The Business of Education

Young boys play in one of the LSU AgCenter's educational gardens.
Young boys play in one of the LSU AgCenter’s educational gardens.

Hands-on learning is an important complement to classroom lessons about environmental issues. Several local corporations have dedicated gifts to this purpose through school programs at the LSU AgCenter Botanic Gardens at Burden.

The Dow Chemical Company recently awarded the AgCenter a $10,000 grant from the DowGives Louisiana Community Grant Program, designed to support projects tied to STEM (science, technology, engineering and math) curricula, economic development or sustainability. The grant will enable construction of an outdoor classroom space in the children’s garden that will serve as a teaching shelter.

The shelter will offer classroom capacity and shade to visitors of the children’s garden, an area built to show teachers and parents how to teach math and science skills to children through gardening. Wooden tables and benches will be built for activities and small group exercises. A storage area will provide space for gardening tools, watering cans and other educational supplies.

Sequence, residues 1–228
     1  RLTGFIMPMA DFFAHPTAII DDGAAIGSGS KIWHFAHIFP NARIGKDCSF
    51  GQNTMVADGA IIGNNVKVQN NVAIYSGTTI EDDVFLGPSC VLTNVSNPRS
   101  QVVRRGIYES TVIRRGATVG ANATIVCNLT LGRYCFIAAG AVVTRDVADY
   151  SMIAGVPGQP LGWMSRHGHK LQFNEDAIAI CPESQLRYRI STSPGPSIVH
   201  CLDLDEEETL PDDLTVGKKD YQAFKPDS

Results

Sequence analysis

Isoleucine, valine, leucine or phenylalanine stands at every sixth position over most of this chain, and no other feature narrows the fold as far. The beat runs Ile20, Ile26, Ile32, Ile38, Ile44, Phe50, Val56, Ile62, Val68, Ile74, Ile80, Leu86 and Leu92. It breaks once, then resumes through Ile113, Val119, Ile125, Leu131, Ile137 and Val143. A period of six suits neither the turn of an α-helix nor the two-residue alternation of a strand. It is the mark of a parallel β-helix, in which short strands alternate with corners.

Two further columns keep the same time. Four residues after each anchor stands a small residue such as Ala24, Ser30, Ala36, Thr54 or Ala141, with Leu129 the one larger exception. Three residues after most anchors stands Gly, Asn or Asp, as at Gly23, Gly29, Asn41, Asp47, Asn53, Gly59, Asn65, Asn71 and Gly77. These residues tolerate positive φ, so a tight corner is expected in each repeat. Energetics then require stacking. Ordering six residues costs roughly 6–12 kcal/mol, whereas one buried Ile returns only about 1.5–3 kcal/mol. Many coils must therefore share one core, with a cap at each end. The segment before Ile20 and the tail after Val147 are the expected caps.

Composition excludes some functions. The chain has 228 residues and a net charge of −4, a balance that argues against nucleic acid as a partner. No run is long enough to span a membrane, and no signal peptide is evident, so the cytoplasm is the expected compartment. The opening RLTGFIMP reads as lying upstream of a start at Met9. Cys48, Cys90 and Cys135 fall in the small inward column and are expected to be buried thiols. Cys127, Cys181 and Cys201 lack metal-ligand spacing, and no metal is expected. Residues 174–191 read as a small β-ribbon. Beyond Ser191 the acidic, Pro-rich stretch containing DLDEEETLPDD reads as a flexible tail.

The Botanic Gardens’ Trees & Trails program will soon cut the ribbon on an educational pavilion, funded in part by a $20,000 donation from The Weyerhaeuser Giving Fund. The gift is part of Weyerhaeuser’s ongoing mission to support education and community outreach as good stewards of nature and business.

The pavilion will provide a space for up to 120 students at a time to participate in Project Learning Tree, a nationally acclaimed program that emphasizes strengthening problem solving, critical thinking, and team building skills. More than 1,400 children from 17 schools participated in the program in 2012-13. The space will feature ceiling fans, old New Orleans brick columns and an open-hearth brick fireplace for cooking demonstrations and expanded lessons in nutrition.

Contributions from Albemarle Foundation will fund five new school gardens. Through gardening, children can learn about science, mathematics, English, environmental studies, family and consumer sciences, health and art. Gardens help students understand where fresh food is grown and provide them firsthand learning experiences about the importance of plants, nature and the outdoors.

This summer, LSU AgCenter school/community garden specialist Dr. Kiki Fontenot will lead workshops about class gardens for teachers. She will demonstrate how to build and sustain a garden, and how to integrate that garden into their curricula. The training will include demonstrations in the model children’s garden at the Botanic Gardens.


Published in Cornerstone Summer and Fall 2014.

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